for me, ‘Graham Thomas’ is the most tender of the Austin roses, so I couldn’t recommend it for hardiness. If you are trying for hardy yellow climbers you might want to consider using ‘Golden Wings’ or ‘Fruhlingsgold’. Both are hybrid scotch roses.


You asked about Aicha being fertile. From casual observation I have never seen Aicha set hips and until this year I never bothered trying. So this past June I tried several pollens and to no surprise nothing took. However the pollen from Aicha pollenated most everything I put it on. I have about sixty seeds (from Austins and Bucks) in the refrig now and will no more this spring. I hope its not going to take two years for germinations.

John, I think the long wait for germinations occurs when a spinosissima is the seed parent. I could be wrong though. I look forward to hear how things germinate for you with the Buck roses x Aicha. I have quite a few Buck roses I hope to get some seedlings from eventually.

Mark, I have considered Golden Wings. I added it to my garden but my silly dog took exception to it for some reason and dug it up. It was struggling last fall. If it makes it through the winter, I most definetly will try some pollinations with it. It seems to produce some relatively hardy offspring, zone 5ish.

With respect to Graham T., it has been ok hardy for me in zone 5 with only moderate dieback. Rarely below the snowling and so far, never to the mulch line. Perhaps I should consider replacing it with one of other yellow Austins. I like Graham because it can get large and I was hoping it would pass on its size to offspring.

Steven, your above breeding lines interest me with living here in cold zone 3 Alberta. Just last spring I had started working with Hazeldean as the pollen parent. I’ve also done a few crosses with Golden Wings in which dies back almost completely to the ground though still blooms well. These two above I’ve crossed onto a nice sport of Morden Blush in which came forth in my sister’s garden. This sport is a fragrant double to semi double creamy white with some yellow towards the center, cool temperatures will sometimes bring out a bit of pink. It has proven much more fertile than Morden Blush itself. I’m hopeing this rose will help me in developing a very hardy pure yellow floribunda type. I’ve also begun working with some of the Explorer and Parkland roses.



I’ll answer a few of your questions.

‘Hazeldean’ was used exensively by Morden to develop hardy,yellow cultivars. While ‘Hazeldean’ provided hardiness, it also produced tall breeding lines. It took a few generations to substantially reduce the height. The first success was ‘Morden Sunrise’, a semi-double yellow with a bit of pink. It’s not truly hardy to Zone 3, since it winter kills severely in those climates. But like all Parkland roses, it’s root hardy and blooms on new wood. What’s interesting about ‘Morden Sunrise’ is that it has ‘Sunsprite’ in the pedigree, so it may be valuable for further breeding of hardy, yellow roses. The big problem though in Morden’s experience is to overcome disease problems. ‘Morden Sunrise’, for example, can be quite subject to mildew in the latter part of the summer.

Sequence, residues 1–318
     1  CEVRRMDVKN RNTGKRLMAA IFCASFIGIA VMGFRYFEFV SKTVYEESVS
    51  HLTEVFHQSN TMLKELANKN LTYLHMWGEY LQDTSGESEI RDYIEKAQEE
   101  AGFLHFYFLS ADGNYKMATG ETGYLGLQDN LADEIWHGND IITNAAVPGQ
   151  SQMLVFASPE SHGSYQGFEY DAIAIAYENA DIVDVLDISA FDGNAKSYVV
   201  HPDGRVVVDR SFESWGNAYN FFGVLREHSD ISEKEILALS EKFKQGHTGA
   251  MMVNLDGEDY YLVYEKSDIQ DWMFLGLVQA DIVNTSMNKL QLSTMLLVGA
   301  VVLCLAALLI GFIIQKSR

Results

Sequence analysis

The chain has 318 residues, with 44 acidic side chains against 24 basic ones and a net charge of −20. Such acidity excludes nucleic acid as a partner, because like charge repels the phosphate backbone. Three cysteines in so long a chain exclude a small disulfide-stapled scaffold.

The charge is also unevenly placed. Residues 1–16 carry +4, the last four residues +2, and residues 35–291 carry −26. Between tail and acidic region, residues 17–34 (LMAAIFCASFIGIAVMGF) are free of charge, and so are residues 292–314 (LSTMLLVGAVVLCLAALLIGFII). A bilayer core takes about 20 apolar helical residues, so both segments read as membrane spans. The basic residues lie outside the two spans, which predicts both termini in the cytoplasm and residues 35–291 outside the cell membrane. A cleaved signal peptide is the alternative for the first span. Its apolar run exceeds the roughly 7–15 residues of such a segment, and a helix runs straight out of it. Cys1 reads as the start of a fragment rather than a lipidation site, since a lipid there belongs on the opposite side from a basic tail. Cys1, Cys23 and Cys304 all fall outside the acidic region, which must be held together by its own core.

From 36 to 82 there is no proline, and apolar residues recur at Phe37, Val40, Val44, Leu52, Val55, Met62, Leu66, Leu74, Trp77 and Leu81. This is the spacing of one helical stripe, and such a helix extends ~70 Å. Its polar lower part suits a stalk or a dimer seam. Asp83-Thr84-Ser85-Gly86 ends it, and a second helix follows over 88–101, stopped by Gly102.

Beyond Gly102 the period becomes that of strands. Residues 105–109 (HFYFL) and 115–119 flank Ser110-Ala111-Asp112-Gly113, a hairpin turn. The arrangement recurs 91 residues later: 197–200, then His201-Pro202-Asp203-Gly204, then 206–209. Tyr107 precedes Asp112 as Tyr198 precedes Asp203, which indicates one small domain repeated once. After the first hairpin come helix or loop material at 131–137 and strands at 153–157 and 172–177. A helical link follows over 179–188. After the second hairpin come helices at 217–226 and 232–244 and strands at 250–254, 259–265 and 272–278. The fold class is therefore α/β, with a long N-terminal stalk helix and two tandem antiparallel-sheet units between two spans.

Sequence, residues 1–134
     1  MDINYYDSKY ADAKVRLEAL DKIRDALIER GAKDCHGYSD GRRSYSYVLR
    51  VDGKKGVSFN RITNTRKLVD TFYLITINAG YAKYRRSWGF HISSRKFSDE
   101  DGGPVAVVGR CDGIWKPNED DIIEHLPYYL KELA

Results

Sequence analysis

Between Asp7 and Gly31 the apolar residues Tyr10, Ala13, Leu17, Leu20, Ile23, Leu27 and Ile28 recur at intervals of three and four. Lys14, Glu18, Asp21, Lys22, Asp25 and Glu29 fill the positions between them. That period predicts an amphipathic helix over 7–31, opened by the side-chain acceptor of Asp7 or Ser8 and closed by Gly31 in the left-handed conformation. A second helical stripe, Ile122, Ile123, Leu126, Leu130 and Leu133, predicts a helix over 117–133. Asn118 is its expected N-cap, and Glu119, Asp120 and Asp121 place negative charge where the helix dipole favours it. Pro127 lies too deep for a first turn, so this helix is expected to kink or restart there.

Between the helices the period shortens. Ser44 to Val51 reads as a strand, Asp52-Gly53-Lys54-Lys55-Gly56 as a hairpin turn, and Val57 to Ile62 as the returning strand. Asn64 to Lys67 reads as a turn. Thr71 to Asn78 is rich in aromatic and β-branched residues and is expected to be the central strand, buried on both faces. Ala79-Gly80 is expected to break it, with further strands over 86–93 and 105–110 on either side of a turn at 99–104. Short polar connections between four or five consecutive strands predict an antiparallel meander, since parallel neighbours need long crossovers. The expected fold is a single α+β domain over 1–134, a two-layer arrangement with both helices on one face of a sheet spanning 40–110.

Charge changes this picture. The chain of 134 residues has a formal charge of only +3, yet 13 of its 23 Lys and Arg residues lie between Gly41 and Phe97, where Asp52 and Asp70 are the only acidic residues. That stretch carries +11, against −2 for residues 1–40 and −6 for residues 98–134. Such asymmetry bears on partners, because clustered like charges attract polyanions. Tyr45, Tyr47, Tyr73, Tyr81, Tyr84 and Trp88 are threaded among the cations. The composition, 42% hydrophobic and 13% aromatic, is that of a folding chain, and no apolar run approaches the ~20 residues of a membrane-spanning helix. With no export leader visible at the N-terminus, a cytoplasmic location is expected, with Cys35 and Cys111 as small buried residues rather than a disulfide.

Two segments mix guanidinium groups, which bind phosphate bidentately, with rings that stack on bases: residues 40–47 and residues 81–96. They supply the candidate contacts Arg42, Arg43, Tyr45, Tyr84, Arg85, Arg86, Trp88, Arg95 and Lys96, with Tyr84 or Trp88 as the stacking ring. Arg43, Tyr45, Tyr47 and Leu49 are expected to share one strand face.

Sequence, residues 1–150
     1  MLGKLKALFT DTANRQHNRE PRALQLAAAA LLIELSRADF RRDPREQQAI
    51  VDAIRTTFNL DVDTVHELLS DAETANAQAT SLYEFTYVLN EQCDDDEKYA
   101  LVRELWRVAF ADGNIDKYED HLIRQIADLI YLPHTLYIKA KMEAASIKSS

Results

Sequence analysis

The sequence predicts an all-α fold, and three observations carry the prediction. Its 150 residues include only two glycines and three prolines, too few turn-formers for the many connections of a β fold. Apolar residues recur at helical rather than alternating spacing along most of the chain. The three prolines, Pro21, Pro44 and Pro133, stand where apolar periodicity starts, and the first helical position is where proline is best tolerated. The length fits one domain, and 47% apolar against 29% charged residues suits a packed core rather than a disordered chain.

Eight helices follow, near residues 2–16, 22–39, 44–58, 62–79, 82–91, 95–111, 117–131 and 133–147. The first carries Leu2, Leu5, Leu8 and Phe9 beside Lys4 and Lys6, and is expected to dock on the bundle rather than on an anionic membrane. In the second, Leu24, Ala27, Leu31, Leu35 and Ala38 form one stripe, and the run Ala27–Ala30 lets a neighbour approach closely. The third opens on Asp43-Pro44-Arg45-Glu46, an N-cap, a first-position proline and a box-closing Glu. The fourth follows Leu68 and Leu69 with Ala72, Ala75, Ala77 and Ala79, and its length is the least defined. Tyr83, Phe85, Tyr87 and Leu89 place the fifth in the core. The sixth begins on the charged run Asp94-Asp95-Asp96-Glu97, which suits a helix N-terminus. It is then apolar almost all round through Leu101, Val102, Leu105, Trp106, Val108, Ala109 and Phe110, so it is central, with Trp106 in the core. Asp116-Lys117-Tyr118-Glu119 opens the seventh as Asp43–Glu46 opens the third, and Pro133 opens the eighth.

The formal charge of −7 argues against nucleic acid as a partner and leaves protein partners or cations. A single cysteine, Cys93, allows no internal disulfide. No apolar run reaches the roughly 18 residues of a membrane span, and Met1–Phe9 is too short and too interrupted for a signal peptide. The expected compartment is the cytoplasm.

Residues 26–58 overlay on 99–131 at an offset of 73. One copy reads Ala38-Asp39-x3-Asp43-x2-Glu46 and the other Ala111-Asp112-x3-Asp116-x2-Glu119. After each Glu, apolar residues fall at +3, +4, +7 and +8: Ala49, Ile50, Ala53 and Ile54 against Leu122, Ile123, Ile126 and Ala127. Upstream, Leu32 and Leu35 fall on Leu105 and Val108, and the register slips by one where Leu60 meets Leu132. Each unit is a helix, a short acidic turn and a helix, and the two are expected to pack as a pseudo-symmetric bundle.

‘Hazeldean’ can rebloom in late summer and early fall. However, ‘Prairie Peace’ (‘Beauty of Leafland’ x ‘Hazeldean’) repeats better late in the season, and the quantity is nearly as much as its first bloom.

‘Beauty of Leafland’ lacks fertility as a pistillate parent. The problem is likely the flowers are very double. Secondly, the flowers don’t produce hips from open pollination well because the latter ones tend to ball.

J5 in my opinion is the most beautiful Rosa spinosissima cultivar ever developed. The semi-double flowers are a combination of yellow, orange and pink. ‘Hazeldean’ is in its parentage. Initially, it was thought hardiness was lacking for general growing of this selection on the Canadian prairies. But it is absolutely hardy in Zone 3 climates. Lynn Collicut of the Morden Research Station once told me that the pollen has very good viability.


Paul, where can we possibly find this J5? … sounds most interesting!


J5 isnt in commerce. I was lucky enough to find some one willing to send me cuttings. If I can keep my plant alive and get it healthy, I would be more than happy to share some cuttings and suckers. As of right now, I have my doubts that my plant will live.

SteveJ, I have my fingers crossed for your plants! If and when you get your plants healthy, I’d make a trade with you of something which would likely interest you. Thanks.



My J5 is doing really well, and I’m going to try and layer it this spring. I’ll post if I have any luck.

I have most of the hardies mentioned above, with most of them entering their third or fourth year in my garden. I have many plants of Hazeldean available, if anyone’s interested, proceeds will go to the local Perennial Society.

I hope to do some crosses this year, since I’ll have more blooms to work with (knock on wood!).

Yellow Altai would be another great place to start breeding yellows, I’d like to use it alot this year.

Koren in Saskatoon